Mr. Blackburn: Allow me to clarify. The parties negotiate and agree on 90 issues out of 100. For the remaining 10 issues, the arbitrator suggests that the parties make a proposal and then selects A or B. The arbitrator does not take three issues from A and seven from B. Once he has the proposals in front of him, he makes a decision and sends me a copy. The proposal he chooses will form part of the collective agreement and bind the parties.


That is what is interesting and positive about this bill. Besides, this has already been done, in 1994, and it proved to be beneficial.

Senator Day: Mr. Minister, a decision has already been made. If you would look at the other clauses, determine the matters and make a selection. Why hand down a ruling after all the decisions have already been made? That is what I do not understand.

Mr. Blackburn: If you like, we will go over this section. Indeed, I believe it is the key point, in addition to the fines set out in this bill.

11. (1) Subject to section 13, within 90 days after being appointed, or within any greater period that may be specified by the Minister, the arbitrator shall

(a) determine the matters on which the employer and the union were in agreement as of the date specified for the purposes of paragraph 10(1)(a);

(b) determine the matters remaining in dispute on that date;

He is at the end of his 90 days and is saying, "Here are the points on which they disagree." Then, he selects, in order to resolve the matters remaining in dispute, either the final offer submitted by the employer or the final offer submitted by the union. He decides which one he will go for.

Senator Day: He decides between the two?

Mr. Blackburn: That is right. Then, he submits a decision in writing.

Senator Day: He writes his decision afterwards?

Mr. Blackburn: And he sends a copy to both parties.

Senator Day: The decision has already been made, but it will be submitted in writing.

My second question has to do with clauses 6 and 8 of the bill. If I understand clause 6 correctly, it means that, with this bill, existing collective agreements will be extended until another collective agreement can be created by clause 11 and the arbitrator. Thus, the existing collective agreements will be extended.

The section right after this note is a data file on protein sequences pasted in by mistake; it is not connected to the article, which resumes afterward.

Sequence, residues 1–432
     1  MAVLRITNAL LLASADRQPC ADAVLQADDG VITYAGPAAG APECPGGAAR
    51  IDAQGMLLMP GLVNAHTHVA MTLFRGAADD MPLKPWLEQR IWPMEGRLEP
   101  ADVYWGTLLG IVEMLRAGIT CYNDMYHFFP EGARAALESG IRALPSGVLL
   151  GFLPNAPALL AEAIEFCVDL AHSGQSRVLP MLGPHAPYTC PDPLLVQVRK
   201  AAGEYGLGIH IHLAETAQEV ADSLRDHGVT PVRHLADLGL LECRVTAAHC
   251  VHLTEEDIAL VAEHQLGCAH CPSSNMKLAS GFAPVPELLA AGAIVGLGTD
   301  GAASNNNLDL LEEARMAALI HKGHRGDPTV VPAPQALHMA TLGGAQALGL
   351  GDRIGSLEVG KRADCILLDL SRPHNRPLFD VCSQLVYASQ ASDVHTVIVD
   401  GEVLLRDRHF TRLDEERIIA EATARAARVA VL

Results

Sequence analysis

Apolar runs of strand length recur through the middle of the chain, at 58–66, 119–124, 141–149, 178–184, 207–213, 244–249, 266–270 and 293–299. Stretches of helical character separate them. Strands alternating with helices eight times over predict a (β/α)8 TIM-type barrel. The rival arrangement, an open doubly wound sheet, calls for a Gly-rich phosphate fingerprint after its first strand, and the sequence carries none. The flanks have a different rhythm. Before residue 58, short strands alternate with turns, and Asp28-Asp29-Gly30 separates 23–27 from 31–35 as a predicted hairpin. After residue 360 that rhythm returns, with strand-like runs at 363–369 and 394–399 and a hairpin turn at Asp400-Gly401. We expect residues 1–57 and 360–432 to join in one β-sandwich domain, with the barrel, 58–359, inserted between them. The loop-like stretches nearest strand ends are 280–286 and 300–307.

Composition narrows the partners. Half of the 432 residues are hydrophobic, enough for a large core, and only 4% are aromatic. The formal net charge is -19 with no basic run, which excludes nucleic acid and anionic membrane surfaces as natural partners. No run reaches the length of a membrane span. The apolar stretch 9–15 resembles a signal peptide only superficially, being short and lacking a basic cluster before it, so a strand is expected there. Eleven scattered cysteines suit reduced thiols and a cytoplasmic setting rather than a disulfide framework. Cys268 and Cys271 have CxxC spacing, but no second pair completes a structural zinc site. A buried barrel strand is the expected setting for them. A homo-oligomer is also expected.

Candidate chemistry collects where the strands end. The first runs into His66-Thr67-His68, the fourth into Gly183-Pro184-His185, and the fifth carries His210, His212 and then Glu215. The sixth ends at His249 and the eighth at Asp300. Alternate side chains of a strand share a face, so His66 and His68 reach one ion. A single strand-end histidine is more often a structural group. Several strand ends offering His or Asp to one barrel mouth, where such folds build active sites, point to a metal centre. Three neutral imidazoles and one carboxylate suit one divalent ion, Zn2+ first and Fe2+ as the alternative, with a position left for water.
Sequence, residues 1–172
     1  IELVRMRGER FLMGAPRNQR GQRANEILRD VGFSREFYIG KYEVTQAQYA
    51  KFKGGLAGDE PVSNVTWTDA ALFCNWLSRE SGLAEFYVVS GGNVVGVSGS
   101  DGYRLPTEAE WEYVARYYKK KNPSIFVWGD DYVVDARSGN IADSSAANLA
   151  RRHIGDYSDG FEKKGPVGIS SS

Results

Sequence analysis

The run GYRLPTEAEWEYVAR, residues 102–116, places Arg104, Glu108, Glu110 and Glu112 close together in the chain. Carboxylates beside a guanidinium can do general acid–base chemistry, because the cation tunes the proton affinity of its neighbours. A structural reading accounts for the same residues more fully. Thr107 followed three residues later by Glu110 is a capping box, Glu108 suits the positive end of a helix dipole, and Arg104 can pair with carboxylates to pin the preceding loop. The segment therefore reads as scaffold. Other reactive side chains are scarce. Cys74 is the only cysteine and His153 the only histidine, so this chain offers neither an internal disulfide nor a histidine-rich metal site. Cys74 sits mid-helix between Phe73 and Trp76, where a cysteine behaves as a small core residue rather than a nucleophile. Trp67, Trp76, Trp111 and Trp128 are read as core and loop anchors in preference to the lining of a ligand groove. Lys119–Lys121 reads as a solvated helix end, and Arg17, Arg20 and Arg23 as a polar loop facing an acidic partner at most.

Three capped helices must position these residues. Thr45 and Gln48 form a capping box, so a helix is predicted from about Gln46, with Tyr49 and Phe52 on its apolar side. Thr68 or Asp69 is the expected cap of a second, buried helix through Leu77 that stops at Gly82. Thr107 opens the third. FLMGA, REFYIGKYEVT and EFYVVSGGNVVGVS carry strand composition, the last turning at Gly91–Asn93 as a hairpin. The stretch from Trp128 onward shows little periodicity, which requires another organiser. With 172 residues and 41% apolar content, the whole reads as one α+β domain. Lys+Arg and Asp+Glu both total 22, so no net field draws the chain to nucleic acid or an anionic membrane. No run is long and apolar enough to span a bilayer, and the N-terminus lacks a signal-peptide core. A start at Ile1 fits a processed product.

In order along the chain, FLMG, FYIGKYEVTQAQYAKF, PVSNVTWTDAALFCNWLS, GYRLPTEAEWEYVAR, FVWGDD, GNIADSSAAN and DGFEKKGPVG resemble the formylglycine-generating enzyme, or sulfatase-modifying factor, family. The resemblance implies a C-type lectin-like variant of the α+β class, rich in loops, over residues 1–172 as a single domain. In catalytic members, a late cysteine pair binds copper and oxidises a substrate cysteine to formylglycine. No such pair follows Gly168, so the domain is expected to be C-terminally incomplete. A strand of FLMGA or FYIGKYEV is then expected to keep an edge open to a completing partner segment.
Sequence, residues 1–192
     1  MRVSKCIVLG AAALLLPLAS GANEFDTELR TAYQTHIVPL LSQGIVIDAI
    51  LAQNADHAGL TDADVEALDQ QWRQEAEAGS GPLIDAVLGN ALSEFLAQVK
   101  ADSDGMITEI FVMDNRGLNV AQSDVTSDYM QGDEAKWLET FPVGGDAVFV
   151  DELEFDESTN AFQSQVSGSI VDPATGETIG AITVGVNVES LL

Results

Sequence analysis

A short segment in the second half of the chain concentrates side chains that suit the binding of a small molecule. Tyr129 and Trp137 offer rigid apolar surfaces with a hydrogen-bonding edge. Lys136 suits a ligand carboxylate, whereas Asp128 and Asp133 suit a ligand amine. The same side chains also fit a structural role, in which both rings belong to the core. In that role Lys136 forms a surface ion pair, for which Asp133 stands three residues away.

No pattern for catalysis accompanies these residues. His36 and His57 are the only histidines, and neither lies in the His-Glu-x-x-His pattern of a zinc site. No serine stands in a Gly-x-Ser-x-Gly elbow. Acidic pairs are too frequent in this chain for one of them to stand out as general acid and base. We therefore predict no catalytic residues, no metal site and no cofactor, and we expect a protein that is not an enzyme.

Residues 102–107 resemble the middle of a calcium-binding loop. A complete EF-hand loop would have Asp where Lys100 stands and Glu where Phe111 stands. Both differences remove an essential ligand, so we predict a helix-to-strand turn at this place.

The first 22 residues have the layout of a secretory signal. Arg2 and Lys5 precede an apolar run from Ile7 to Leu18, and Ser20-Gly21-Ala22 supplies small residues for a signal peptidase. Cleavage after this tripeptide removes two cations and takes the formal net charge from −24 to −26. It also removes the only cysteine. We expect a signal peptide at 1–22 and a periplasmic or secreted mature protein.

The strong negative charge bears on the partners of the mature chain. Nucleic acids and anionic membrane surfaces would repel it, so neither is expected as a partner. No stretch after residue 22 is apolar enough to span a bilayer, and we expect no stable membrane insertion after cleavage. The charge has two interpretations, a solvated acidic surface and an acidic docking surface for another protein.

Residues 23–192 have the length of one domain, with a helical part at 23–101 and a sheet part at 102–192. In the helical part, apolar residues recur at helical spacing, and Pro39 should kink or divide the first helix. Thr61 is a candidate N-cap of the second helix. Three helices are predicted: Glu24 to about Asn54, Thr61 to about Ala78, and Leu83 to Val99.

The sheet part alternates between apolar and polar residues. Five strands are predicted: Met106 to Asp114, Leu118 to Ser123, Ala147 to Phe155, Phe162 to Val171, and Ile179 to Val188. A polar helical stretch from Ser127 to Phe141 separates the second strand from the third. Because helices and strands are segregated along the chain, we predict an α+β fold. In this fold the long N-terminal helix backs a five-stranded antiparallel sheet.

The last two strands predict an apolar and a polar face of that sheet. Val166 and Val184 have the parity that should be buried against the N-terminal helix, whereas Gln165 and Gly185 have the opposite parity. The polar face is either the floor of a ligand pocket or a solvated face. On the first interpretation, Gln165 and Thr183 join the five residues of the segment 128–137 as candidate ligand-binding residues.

Clause 8 provides that the minister shall appoint an arbitrator, but that arbitrator could be appointed in ten days, two years or five years. There is no set time frame. This means that existing collective agreements will be extended until the beginning of the 90 day period provided under clause 11, after the arbitrator is appointed. Why did you not set a time limit to appoint an arbitrator in this bill?

Mr. Blackburn: I think you will understand that the government cannot play games; this is not a game. The fact is that we have already undertaken discussions with the parties to identify an arbitrator who could be acceptable to both sides. If there is no agreement on the selection of this arbitrator, we will proceed, as early as this Monday, to appoint an arbitrator who will launch the process under the 90-day period.

In the meantime, the collective agreement continues to apply, precisely until an agreement is reached by the parties. Let us not forget that, if there was a strike right now, none of this would apply. Employees know that they will continue to get paid and they will continue to work, while businesses know that they will continue to get their raw materials. They know that we are a reliable country. They know that the goods will be delivered and exported. Canada has always been recognized as a reliable country by the international community.